3 reasons Breaking Bad is (almost) as good as The Wire

Breaking Bad

Okay before you beat me up, no, I do not think that AMC’s hit drama Breaking Bad is really as good as HBO’s The Wire.

I consider The Wire to be the greatest television program ever made. Before you even read this post, if you’ve never seen The Wire you need to stop what you are doing right now and go watch episode 1. Oh and cancel your plans for the next 72 hours or longer because that’s how long you will be sitting watching The Wire non-stop once you start. But I’m not speaking from experience or anything. And if you’ve never seen Breaking Bad click here.

So yes, The Wire is still the best, but Breaking Bad of late has been so good it has me comparing the two. (I know, I know I sound a little out of it but hear me out).

Here are 3 reasons that Breaking Bad might just be the best thing on television since The Wire:

1. The acting.

The acting on Breaking Bad is ridiculously good. The character development from Season 1 to the present (Breaking Bad just wrapped up it’s 4th season) is exceptional. By the end of the series, Walter White the “good guy” on Breaking Bad will be almost unrecognizable. And that’s a great thing! White is played by Bryan Cranston who has won 3 Emmy consecutive awards for Lead Actor in a Drama Series for his portrayal. The only reason he didn’t win this year is because Breaking Bad wasn’t airing during the qualifying period. Unfortunately, The Wire was robbed and won 1 award in five seasons and it was for writing, not acting. While The Wire is far from perfect in its depiction of women, that denial of accolades is one of the greatest tragedies in the history of television because the acting on The Wire was so good as to be unforgettable.

2. Gustavo Fring is like Marlo Stanfield in a suit. Well, kinda.

No show is really complete without a kick ass villain. What both shows do well is making all of the characters neither all good or all bad. On The Wire the police who are traditionally portrayed as the hero in most American entertainment were not always honest and the drug dealers were a lot more ethical than you would normally think. In both shows, the drug kingpins are way more like CEOs than most Americans are willing to admit. On Breaking Bad, Gus Fring is actually a CEO by day and a kingpin by night (well day too but you get what I mean). Gus and Marlo, one of The Wire‘s ice cold kingpins, are very similar in the way that they kill without emotion but also do not do it for sport. Neither character enjoys killing and they only do so to maintain their authority. Traditionally, in American entertainment villains are over the top but it is the small things that Marlo and Gus do that make them ruthless and to be feared and ultimately successful.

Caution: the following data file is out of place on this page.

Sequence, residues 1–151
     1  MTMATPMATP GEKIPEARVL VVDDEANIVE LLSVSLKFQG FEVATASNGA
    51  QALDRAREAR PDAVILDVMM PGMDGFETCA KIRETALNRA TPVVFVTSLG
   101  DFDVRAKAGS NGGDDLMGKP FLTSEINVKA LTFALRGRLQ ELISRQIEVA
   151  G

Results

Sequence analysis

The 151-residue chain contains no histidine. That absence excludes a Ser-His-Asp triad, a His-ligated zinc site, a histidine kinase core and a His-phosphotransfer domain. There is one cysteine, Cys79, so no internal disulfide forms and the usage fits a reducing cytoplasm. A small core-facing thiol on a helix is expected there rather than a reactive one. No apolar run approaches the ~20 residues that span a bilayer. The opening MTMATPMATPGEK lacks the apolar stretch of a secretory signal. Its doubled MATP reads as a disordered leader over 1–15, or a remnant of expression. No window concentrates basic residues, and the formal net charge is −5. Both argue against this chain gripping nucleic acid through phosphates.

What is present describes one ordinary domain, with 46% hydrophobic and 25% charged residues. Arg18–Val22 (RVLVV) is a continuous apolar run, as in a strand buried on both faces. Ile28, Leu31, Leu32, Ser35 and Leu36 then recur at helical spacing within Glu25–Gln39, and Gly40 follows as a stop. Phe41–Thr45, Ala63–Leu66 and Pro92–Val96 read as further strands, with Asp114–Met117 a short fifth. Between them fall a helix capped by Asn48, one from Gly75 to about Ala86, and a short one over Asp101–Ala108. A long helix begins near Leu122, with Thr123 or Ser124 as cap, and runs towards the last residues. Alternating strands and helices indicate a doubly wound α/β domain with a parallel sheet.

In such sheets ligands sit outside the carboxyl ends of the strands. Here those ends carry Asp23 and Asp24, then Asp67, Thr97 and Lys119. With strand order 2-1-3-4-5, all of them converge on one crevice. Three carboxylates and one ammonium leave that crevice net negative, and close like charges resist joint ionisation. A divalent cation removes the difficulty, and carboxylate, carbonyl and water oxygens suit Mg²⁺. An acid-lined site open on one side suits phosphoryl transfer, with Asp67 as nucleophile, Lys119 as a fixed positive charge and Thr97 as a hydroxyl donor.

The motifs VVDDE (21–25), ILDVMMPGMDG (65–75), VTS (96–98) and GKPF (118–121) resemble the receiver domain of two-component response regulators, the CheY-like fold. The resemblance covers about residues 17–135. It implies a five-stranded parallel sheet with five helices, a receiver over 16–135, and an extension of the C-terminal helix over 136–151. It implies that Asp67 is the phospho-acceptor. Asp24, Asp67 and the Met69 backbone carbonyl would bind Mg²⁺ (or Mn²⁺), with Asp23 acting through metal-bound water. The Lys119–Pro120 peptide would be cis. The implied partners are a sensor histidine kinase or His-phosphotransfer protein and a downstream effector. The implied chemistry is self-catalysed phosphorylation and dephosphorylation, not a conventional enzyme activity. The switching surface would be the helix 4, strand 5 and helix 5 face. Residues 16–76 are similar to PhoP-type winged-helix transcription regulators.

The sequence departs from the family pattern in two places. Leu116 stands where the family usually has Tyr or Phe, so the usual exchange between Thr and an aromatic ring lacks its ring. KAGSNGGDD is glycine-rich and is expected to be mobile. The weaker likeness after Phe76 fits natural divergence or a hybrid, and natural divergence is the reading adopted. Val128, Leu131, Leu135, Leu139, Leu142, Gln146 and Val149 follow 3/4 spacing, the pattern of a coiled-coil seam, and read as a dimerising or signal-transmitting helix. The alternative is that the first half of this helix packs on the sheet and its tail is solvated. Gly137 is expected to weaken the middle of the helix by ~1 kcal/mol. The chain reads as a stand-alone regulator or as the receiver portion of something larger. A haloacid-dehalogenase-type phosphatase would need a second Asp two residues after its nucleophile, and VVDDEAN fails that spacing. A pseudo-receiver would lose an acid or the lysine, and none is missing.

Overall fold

And if Giancarlo Esposito who plays Gus doesn’t win an Emmy this year then they should cancel the awards show going forward because it’s obviously run by people who don’t know what they are doing.

3. Both The Wire and Breaking Bad show us that the War on Drugs is failing miserably.

Now onto more serious matters. Both The Wire and Breaking Bad depict the sale and distribution of illegal drugs. The Wire is set in the inner city streets of Baltimore and Breaking Bad is set in the suburban community of Albuquerque, New Mexico. Both shows illustrate just how off track the war on drugs is in many ways and how much money and time is wasted on catching drug dealers while the kingpin is the guy who owns your local restaurant. Shorter: they both show that law enforcement is locking up a lot of people who have little to no impact on ending the problem of drugs in our communities.

Furthermore, without giving anything away both shows achieve this cultural critique by artfully shaping and dismantling stereotypes and preconceived notions of certain groups of people and individuals based on who they are, what they do for a career, and their background and upbringing. The Dickensian storytelling in both shows allows for proper character development and the subtlty in that storytelling requires viewers to be sharp and detail oriented. That I think is the reason both shows have such a great impact.

The flaws in humanity and the ability for you to relate to someone who faces a choice in life and goes with the option that is traditionally shunned is an interesting exercise. Do we judge the characters who make those “mistakes” or do we cheer them on and hope they never have to face the consequences of their actions? And just for a second imagine if we had universal healthcare in the U.S. and access to stellar education everywhere including Baltimore. Would these improvements in our society make both of these shows obsolete? Maybe Walter White would have made different choices had he not been so desperate and facing hundreds of thousands in health care costs?

If anything Breaking Bad has come just in time. Season 1 of Breaking Bad coincided with the end of The Wire which means that we were able to find a high quality escape from the frustrations created in the world around us that allows us to think critically at the same time.

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